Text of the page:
By Tracey Kaplan, San Jose Mercury News –
SAN JOSE, Calif. — An initiative written by Stanford University professors to scale back California’s tough Three Strikes Law has garnered more than 830,000 signatures of support, virtually ensuring the measure will make the November ballot and triggering the state’s latest struggle over how harshly criminals should be treated.
California is the only one of the 26 states with three strikes laws to allow prosecutors to charge any felony as a third strike — and then to lock up the offenders for 25 years to life. The proposed initiative would reserve that penalty for the baddest of the bad, including murderers, rapists and child molesters.
Supporters turned in more than 830,000 signatures to state election officials Thursday — 504,760 more than needed. They also announced the endorsement of Los Angeles County District Attorney Steve Cooley — a Republican — marking a crucial step toward a bipartisan coalition.
“The Three Strikes Reform Act is right for California,” Cooley said. “It will ensure the punishment fits the crime. Dangerous recidivist criminals will remain behind bars for life, and our overflowing prisons will not be clogged with inmates who pose no risk to public safety.”
Under the existing three strikes sentencing scheme, offenders who have committed such relatively minor third strikes as stealing a pair of socks, attempting to break into a soup kitchen to get something to eat and forging a check for $146 at Nordstrom have been sentenced to life in prison.
Cooley’s support is particularly notable because he has taken a conservative position on two other criminal-justice controversies in California. He opposes a November ballot measure that would scrap the death penalty and has sharply criticized the Legislature’s massive “realignment” program, which started in October to relieve prison overcrowding, for effectively reducing the amount of time low-level offenders spend behind bars.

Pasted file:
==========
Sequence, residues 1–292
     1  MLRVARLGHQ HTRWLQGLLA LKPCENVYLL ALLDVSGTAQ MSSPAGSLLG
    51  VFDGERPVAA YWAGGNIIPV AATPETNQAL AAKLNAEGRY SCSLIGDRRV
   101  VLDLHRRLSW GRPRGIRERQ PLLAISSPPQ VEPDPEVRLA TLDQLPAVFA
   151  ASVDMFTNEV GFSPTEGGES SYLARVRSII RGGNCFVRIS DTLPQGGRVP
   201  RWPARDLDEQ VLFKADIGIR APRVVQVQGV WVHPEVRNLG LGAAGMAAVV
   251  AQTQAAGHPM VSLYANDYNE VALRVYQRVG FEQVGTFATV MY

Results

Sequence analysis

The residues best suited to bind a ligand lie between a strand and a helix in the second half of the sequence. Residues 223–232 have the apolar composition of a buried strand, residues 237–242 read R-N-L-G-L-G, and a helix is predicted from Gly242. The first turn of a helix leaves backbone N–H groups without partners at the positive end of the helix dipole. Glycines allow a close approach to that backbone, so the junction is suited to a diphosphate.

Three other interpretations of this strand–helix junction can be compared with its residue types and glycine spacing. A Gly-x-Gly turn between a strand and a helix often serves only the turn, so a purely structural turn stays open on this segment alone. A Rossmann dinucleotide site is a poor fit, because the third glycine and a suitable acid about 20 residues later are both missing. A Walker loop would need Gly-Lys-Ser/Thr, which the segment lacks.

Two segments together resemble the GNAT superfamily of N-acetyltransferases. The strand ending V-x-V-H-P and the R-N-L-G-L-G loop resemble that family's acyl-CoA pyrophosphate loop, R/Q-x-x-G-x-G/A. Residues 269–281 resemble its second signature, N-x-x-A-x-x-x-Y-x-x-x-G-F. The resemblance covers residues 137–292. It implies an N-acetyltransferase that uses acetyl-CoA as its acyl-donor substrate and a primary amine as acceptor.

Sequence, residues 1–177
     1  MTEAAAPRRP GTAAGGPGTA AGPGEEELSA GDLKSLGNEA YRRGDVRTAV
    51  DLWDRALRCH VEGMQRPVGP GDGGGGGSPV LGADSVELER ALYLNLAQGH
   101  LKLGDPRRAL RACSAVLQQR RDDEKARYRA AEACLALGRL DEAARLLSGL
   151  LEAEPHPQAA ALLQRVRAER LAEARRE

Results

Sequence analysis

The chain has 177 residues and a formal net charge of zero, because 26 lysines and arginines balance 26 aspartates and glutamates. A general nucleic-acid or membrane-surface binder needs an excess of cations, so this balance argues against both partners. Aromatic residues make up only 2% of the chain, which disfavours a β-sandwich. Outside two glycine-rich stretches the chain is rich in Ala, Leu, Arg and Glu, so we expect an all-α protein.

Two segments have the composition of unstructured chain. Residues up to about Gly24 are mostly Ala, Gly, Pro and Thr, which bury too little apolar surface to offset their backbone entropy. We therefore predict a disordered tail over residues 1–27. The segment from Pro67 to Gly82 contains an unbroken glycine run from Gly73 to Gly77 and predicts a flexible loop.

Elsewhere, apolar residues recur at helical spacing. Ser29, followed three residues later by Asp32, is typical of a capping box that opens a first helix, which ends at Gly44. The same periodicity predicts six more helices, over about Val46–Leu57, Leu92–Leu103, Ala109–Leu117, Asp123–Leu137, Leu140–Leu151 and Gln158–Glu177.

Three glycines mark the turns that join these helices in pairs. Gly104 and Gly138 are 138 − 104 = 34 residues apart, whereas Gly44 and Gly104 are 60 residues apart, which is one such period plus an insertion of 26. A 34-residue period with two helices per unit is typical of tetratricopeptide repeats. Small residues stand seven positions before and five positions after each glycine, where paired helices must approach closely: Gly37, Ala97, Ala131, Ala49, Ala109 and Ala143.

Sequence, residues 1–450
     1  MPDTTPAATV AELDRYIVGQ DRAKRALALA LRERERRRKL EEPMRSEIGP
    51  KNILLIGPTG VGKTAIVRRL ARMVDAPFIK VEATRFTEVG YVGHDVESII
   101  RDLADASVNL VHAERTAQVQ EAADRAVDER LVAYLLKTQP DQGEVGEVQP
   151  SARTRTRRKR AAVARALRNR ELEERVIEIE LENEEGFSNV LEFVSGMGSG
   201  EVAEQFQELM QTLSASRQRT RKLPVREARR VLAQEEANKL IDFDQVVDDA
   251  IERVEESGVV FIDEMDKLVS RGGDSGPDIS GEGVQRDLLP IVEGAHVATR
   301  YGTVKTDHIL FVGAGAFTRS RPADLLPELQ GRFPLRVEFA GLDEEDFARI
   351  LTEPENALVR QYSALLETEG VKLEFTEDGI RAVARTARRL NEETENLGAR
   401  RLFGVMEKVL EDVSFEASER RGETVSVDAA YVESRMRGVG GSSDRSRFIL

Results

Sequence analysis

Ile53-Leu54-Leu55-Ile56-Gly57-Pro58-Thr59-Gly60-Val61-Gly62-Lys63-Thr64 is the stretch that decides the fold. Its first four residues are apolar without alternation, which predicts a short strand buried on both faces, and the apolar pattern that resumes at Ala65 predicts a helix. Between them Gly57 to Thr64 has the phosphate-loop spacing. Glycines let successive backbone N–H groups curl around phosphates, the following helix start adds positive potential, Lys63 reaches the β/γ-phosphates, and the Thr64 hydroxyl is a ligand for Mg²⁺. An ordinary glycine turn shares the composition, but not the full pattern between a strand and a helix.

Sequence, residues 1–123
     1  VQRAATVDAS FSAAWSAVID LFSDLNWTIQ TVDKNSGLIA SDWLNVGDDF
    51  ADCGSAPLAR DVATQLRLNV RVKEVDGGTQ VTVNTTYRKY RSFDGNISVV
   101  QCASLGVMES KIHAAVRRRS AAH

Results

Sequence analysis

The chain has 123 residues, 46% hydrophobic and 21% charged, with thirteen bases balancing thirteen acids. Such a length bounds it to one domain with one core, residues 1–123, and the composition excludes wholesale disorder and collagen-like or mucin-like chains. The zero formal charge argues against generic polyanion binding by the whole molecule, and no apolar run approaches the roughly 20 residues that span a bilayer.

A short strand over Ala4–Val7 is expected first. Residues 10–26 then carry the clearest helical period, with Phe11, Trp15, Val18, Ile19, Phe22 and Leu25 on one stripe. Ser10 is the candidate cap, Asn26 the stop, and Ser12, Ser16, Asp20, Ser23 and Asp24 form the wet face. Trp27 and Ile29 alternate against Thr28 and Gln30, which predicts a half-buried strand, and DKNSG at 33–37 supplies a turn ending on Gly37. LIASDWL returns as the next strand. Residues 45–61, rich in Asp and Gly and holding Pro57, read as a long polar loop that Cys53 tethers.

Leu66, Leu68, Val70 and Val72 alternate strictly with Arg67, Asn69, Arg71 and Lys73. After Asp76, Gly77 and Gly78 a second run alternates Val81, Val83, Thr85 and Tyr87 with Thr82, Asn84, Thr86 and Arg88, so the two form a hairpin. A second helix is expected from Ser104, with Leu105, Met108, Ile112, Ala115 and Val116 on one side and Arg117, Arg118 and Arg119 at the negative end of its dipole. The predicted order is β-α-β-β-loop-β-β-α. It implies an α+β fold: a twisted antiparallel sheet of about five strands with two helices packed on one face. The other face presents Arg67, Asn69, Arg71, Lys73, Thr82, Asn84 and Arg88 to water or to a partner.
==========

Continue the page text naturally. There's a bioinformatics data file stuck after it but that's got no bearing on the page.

But Mike Reynolds, a Fresno man who helped draft the Three Strikes Law after his daughter was slain in 1992 by two repeat offenders, said prosecutors like Cooley should have more discretion over how to charge anyone with two strikes on their record who commits another felony, no matter how minor.
“It’s easy if you live in Palo Alto, where Stanford is and where it’s safe, to be for this,” Reynolds said. “The only question voters need to answer is which of these offenders with at least two serious or violent convictions on their record would you like to have living next door to you? And if you wouldn’t want them next door to you, why would you put them next to any California family?”
The proposed initiative was crafted by a group of Stanford University law professors and backed by the New York-based NAACP Legal Defense Fund. George Soros, a prominent supporter of liberal causes, has donated $500,000 to the campaign, and Stanford law professor David Mills also has contributed.
The measure is modeled on Cooley’s attempt in 2006 to modify the law and his long-standing policy to rarely seek a third strike unless the offense is a violent or serious crime.
The new measure would allow only certain hard-core criminals to be put away for life for any felony offense, including shoplifting, while restricting the third strike to a serious or violent felony for everyone else.
It also does not include changing the rules for second-strikers, which currently call for sentences to be doubled in many cases, even if the second offense is not serious or violent. Although an effort to alter the law in 2004 required third-strikers whose last offense was nonviolent and nonserious to be resentenced, the new initiative would allow only third-strikers to ask the courts to resentence them.
According to the nonpartisan Legislative Analyst’s Office, revising California’s law would save state taxpayers tens of millions of dollars a year initially and up to $100 million a year in the long run.
Scaling back the law also has the support of some conservatives, including Right on Crime, a criminal justice reform movement whose signatories include anti-tax advocate Grover Norquist.
“The Three Strikes Reform Act is tough on crime without being tough on taxpayers,” said Norquist, president of Americans for Tax Reform. “It will put a stop to needlessly wasting hundreds of millions in taxpayers’ hard-earned money, while protecting people from violent crime.”
Advocates predict the savings will prove persuasive, particularly with critical swing voters, though they also plan to frame the campaign in terms of public safety and fairness
A previous measure in 2004 failed by about 3 percentage points after a last-minute media blitz by then-Oakland Mayor Jerry Brown, then-Gov. Arnold Schwarzenegger and former Gov. Pete Wilson. Brown has declined to comment on the current effort. Opposition to the new measure is expected to come largely from the Central Valley and parts of Southern California.
The previous measure, Proposition 66, sought to limit felonies that trigger a third strike to violent or serious crimes in every case.
The Three Strikes Law was passed by both the Legislature and the voters in 1994. It was propelled by public outrage following several high-profile murders committed by ex-felons. The most notorious case was the strangling of 12-year-old Polly Klaas, who was kidnapped in 1993 from her Petaluma home.